Secure Installation

Neither the native installation nor the dockerized deployment are designed for direct exposure to the Internet. These deployments are intended for the service to live in a private network or cloud, behind a firewall, and with calendar client access only through a public HTTPS termination point.

Exposing the Baikal server to the Internet

Port selection is up to the system administrators and can be changed when the images are instantiated. The Baïkal server was assigned to port 8800 because there may be other HTTP servers running in the same Docker instance. Native servers may run on port 80 or whichever port the organization's best practices dictate.

Firewall and routing rules are used for enforcing data flows. Scheduling messages must only be allowed to flow out of the SMTP calendar server to the corporate relay, never back. The Baïkal server must support two-way communication to handle the clients requests and updates.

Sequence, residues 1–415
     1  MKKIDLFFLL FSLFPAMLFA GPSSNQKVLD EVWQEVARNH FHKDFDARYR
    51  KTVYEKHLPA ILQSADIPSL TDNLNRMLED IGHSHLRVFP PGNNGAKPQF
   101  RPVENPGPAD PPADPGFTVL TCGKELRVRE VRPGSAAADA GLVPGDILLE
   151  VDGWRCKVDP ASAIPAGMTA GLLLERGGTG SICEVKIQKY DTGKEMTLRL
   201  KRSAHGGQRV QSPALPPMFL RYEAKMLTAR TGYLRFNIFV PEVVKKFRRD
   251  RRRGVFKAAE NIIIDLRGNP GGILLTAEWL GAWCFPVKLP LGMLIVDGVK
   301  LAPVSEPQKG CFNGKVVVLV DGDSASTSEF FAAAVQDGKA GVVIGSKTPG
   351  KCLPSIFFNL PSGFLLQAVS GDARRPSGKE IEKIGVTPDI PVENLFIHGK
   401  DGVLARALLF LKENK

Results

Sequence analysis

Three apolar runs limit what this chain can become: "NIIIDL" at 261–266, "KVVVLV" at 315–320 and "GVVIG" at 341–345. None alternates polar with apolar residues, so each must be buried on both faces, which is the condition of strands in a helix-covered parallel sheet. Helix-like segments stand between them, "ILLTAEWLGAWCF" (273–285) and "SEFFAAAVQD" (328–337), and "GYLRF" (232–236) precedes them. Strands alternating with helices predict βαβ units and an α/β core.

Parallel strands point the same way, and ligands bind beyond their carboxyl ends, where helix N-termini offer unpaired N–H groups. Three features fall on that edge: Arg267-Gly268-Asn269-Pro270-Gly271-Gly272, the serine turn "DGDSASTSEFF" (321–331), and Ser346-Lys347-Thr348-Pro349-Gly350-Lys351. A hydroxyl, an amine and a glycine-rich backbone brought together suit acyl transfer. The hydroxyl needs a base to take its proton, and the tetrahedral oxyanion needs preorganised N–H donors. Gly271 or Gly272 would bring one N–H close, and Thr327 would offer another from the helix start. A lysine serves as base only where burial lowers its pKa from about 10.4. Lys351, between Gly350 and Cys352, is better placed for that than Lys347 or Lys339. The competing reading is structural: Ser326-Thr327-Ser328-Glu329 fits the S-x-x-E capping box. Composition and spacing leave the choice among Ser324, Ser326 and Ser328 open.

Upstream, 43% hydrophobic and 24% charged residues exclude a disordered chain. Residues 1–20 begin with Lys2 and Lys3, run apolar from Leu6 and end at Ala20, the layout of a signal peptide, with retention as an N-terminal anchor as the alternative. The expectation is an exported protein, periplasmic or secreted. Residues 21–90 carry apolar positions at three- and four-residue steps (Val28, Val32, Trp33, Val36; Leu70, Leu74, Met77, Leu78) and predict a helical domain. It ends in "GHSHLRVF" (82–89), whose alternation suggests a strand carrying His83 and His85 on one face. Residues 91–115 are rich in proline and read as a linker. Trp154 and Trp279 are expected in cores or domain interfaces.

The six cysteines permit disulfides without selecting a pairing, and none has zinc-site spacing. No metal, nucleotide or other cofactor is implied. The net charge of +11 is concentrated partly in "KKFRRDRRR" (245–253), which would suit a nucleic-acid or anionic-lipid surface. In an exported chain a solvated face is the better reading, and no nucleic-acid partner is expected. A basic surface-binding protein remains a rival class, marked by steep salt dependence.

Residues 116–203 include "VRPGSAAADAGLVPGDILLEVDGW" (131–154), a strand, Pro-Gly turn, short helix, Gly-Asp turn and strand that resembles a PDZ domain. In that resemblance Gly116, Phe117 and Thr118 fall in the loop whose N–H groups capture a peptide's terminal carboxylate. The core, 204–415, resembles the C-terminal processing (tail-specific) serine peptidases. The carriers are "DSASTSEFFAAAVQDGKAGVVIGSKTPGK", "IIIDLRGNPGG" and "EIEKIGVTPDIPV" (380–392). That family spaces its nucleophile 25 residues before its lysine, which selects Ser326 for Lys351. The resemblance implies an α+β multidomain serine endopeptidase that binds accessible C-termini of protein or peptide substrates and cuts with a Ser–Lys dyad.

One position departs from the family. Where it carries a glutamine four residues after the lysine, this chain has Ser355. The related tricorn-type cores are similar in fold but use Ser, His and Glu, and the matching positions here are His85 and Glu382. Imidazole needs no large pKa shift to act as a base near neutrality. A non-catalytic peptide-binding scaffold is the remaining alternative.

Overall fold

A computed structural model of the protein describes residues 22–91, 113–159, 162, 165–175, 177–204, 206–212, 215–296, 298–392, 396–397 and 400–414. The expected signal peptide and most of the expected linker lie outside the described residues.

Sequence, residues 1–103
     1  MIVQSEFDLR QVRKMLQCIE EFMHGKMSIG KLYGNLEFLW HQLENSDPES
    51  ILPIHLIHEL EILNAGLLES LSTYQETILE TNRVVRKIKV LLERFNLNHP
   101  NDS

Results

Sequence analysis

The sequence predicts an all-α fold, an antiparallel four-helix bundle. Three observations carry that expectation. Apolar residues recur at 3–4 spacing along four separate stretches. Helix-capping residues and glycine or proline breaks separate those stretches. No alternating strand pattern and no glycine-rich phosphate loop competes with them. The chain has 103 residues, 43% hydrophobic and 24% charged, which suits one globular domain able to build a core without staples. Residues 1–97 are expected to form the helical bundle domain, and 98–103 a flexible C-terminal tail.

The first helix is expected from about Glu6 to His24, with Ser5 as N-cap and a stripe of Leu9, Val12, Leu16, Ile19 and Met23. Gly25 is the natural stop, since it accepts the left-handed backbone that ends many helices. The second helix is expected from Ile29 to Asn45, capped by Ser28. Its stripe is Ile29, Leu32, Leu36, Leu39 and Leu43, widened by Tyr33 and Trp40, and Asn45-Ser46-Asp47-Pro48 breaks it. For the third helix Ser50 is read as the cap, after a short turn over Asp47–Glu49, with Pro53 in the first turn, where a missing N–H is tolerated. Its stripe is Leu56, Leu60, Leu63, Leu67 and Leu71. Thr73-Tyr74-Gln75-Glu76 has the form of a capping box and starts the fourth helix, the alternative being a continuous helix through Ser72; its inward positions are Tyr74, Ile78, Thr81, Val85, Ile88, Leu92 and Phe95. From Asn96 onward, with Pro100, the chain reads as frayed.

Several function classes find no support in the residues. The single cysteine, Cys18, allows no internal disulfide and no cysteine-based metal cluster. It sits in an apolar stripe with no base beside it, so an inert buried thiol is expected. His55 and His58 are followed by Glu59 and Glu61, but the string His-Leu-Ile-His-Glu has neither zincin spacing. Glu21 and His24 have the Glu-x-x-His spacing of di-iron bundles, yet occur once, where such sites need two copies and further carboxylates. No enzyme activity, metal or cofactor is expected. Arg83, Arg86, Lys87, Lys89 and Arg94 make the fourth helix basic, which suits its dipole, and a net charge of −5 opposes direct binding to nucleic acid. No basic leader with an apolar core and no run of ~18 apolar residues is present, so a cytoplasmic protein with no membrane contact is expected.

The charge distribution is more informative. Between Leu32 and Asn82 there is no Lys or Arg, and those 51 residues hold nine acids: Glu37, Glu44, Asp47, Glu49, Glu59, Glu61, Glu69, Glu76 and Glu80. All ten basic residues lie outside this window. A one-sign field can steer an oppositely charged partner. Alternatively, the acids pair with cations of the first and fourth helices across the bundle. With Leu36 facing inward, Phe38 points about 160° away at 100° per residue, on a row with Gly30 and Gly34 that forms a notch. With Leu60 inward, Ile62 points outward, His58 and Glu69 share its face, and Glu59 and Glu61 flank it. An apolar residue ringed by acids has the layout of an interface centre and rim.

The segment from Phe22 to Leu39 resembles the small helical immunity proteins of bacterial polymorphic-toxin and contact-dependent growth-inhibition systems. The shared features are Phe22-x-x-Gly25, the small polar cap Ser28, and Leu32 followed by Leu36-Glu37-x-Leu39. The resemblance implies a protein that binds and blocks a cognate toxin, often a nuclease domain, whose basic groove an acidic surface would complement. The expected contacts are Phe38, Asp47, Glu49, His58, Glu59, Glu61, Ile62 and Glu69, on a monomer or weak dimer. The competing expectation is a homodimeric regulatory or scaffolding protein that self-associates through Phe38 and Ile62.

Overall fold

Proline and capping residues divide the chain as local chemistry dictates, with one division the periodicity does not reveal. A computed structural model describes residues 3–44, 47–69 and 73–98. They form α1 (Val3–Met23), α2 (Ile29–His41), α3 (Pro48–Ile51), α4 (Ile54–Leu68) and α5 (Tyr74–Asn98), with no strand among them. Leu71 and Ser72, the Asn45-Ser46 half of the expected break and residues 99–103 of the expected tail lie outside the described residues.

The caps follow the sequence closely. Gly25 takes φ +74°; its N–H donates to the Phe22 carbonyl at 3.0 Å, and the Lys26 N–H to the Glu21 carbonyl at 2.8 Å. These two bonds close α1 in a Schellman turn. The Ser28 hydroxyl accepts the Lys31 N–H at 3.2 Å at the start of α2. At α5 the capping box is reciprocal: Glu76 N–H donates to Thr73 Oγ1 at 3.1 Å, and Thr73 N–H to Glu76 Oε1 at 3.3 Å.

Certificate Management

HTTPS and STARTTLS involve managing certificates. That activity is beyond the scope of both sabre/dav and Baikal. While it's possible to install and manage certificates on the Baikal service (and it's companion the Postfix email relay), in reality that complicates both deployments for little additional value because:

These are the reasons why the Baikal installations don't cover SSL use and certificate management.

The sabre/dav team is evaluating the possibility of implementing out of the box security in a ready-to-run Docker image in the near future.